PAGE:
How to cite this article: Viganò, E. et al. Human caspase-4 and caspase-5 regulate the one-step non-canonical inflammasome activation in monocytes. Nat. Commun. 6:8761 doi: 10.1038/ncomms9761 (2015).

References

  1. 1.

    , , & Monocyte-mediated defense against microbial pathogens. Annu. Rev. Immunol. 26, 421–452 (2008).

  2. 2.

    & Monocyte and macrophage heterogeneity. Nat. Rev. Immunol. 5, 953–964 (2005).

  3. 3.

    Immune responses to Listeria monocytogenes. Nat. Rev. Immunol. 4, 812–823 (2004).

  4. 4.

    et al. Chemokine receptor 2 serves an early and essential role in resistance to Mycobacterium tuberculosis. Proc. Natl Acad. Sci. USA 98, 7958–7963 (2001).

  5. 5.

    , , & Defects in macrophage recruitment and host defense in mice lacking the CCR2 chemokine receptor. J. Exp. Med. 186, 1757–1762 (1997).

  6. 6.

    , & Harmful molecular mechanisms in sepsis. Nat. Rev. Immunol. 8, 776–787 (2008).

  7. 7.

    , , , & The pathogenesis of sepsis. Annu. Rev. Pathol. 6, 19–48 (2011).

  8. 8.

    et al. Inhibition of caspase-1 activation in Gram-negative sepsis and experimental endotoxemia. Crit. Care. 15, R27 (2011).

  9. 9.

    et al. The novel subset of CD14+/CD16+ blood monocytes is expanded in sepsis patients. Blood 82, 3170–3176 (1993).

  10. 10.

    et al. Distinct cell death programs in monocytes regulate innate responses following challenge with common causes of invasive bacterial disease. J. Immunol. 185, 2968–2979 (2010).

  11. 11.

    , & Phagocytic and bacterial properties of normal human monocytes. J. Clin. Invest. 53, 131–142 (1974).

  12. 12.

    & Developmental regulation of the cytokine repertoire in human macrophages: IL-1, IL-6, TNF-alpha, and M-CSF. J. Leukoc. Biol. 50, 35–42 (1991).

  13. 13.

    , , & Macrophage and monocyte IL-1 beta regulation differs at multiple sites. Messenger RNA expression, translation, and post-translational processing. J. Immunol. 149, 3052–3058 (1992).

  14. 14.

    et al. The rate of interleukin-1beta secretion in different myeloid cells varies with the extent of redox response to Toll-like receptor triggering. J. Biol. Chem. 286, 27069–27080 (2011).

  15. 15.

    , & The interleukin-1 family: back to the future. Immunity 39, 1003–1018 (2013).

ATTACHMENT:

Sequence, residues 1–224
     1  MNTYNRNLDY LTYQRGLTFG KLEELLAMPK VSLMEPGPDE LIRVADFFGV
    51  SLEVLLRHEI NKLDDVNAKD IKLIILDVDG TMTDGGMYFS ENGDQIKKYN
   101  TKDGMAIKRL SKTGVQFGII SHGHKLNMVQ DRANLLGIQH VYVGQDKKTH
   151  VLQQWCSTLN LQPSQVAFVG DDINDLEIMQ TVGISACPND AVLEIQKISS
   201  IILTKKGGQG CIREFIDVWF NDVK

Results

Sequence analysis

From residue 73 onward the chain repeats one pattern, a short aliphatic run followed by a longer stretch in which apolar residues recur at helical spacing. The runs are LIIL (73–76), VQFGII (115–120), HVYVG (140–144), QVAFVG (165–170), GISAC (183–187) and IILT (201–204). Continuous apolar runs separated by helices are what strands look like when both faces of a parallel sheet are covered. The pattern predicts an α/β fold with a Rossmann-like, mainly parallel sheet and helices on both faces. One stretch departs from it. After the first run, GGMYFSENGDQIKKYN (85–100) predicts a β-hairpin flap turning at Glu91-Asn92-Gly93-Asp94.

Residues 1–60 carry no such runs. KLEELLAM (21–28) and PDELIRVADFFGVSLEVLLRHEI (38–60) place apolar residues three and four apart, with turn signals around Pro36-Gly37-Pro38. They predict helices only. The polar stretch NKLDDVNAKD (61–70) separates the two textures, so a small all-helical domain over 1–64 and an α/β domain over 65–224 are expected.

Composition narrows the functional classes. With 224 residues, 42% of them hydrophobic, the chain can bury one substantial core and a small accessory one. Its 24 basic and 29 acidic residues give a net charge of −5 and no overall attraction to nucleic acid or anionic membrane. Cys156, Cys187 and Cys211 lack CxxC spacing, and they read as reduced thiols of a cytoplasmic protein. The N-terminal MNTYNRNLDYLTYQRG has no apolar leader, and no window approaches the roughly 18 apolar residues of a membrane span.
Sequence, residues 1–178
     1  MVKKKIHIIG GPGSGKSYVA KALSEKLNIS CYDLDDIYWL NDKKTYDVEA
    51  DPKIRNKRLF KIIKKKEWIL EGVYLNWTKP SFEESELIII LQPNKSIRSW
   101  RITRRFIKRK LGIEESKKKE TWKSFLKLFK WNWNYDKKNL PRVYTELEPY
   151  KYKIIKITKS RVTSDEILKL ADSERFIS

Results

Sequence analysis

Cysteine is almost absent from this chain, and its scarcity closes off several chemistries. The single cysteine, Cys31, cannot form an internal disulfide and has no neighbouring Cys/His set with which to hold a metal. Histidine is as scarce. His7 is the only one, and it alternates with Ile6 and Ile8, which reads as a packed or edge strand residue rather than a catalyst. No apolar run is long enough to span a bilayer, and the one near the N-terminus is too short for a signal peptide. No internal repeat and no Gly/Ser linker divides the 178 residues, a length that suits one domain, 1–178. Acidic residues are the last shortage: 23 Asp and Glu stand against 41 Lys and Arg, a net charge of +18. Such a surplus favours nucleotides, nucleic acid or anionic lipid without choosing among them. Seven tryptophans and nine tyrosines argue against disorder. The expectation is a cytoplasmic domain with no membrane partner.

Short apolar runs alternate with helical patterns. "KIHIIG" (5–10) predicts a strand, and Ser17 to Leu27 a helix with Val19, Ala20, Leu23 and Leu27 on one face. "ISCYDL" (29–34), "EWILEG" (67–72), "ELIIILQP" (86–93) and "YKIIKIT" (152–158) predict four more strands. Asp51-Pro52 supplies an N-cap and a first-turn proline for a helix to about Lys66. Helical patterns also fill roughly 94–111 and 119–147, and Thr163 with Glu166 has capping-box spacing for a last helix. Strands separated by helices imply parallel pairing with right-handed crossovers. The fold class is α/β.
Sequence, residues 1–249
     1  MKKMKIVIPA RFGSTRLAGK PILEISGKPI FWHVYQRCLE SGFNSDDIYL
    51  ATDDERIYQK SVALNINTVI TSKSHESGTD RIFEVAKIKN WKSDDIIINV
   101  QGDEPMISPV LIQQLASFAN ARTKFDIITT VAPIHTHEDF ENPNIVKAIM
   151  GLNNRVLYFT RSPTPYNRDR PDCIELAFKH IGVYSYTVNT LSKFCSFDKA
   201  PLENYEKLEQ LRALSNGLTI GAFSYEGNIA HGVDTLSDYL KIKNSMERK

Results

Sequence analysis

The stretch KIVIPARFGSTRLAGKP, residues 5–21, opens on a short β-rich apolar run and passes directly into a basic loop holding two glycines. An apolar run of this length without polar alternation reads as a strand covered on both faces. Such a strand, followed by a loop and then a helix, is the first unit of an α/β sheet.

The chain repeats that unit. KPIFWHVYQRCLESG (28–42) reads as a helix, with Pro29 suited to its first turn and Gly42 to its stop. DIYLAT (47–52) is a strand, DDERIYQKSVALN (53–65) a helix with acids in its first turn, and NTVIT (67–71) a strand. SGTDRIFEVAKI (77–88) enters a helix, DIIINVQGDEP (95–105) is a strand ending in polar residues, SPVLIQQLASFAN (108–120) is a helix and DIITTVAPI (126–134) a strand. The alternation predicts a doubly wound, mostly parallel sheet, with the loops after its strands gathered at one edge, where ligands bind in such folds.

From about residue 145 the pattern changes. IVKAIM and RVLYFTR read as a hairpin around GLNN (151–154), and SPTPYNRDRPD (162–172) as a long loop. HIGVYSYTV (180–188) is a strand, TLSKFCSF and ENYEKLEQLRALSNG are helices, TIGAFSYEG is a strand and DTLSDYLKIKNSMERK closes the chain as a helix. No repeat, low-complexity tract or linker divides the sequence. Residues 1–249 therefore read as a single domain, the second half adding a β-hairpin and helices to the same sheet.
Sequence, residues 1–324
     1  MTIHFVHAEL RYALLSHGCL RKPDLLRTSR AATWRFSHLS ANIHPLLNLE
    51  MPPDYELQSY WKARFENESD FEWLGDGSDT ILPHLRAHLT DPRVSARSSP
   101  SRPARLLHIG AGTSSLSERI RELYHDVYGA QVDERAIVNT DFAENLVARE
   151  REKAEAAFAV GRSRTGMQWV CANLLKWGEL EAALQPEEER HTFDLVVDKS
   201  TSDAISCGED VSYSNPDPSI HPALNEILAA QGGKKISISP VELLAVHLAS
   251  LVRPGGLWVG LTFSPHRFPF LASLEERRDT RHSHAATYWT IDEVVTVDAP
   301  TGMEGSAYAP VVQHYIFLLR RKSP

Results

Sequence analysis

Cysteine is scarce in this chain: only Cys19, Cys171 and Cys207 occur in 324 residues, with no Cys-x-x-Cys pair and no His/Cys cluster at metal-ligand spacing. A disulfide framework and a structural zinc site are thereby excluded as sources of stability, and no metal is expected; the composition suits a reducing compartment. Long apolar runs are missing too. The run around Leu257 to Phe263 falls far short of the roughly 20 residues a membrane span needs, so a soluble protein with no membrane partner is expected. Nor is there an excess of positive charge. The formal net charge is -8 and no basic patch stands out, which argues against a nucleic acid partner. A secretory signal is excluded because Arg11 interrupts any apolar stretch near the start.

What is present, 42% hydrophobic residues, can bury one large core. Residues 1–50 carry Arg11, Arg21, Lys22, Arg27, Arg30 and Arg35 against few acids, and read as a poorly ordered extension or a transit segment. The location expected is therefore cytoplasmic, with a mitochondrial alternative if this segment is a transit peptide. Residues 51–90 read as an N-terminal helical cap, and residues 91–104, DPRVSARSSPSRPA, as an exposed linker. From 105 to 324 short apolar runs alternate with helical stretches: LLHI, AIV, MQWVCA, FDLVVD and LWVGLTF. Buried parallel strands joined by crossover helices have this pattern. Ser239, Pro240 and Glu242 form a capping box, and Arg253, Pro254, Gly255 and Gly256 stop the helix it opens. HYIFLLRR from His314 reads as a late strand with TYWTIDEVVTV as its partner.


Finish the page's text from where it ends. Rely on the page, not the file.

16. 16.

    , , , & The rhapsody of NLRPs: master players of inflammation...and a lot more. Immunol. Res. 53, 78–90 (2012).

  17. 17.

    & Mechanisms and functions of inflammasomes. Cell 157, 1013–1022 (2014).

  18. 18.

    , & Regulation of inflammasome signaling. Nat. Immunol. 13, 333–342 (2012).

  19. 19.

    , & Activation and regulation of the inflammasomes. Nat. Rev. Immunol. 13, 397–411 (2013).

  20. 20.

    et al. Cutting edge: NF-kappaB activating pattern recognition and cytokine receptors license NLRP3 inflammasome activation by regulating NLRP3 expression. J. Immunol. 183, 787–791 (2009).

  21. 21.

    et al. Cutting edge: the NLRP3 inflammasome links complement-mediated inflammation and IL-1beta release. J. Immunol. 191, 1006–1010 (2013).

  22. 22.

    et al. Resilience to bacterial infection: difference between species could be due to proteins in serum. J. Infect. Dis. 201, 223–232 (2010).

  23. 23.

    et al. Murine caspase-11, an ICE-interacting protease, is essential for the activation of ICE. Cell 92, 501–509 (1998).

  24. 24.

    , , & Distinct downstream pathways of caspase-11 in regulating apoptosis and cytokine maturation during septic shock response. Cell Death Differ. 9, 1115–1125 (2002).

  25. 25.

    et al. Non-canonical inflammasome activation targets caspase-11. Nature 479, 117–121 (2011).

  26. 26.

    et al. Noncanonical inflammasome activation by intracellular LPS independent of TLR4. Science 341, 1246–1249 (2013).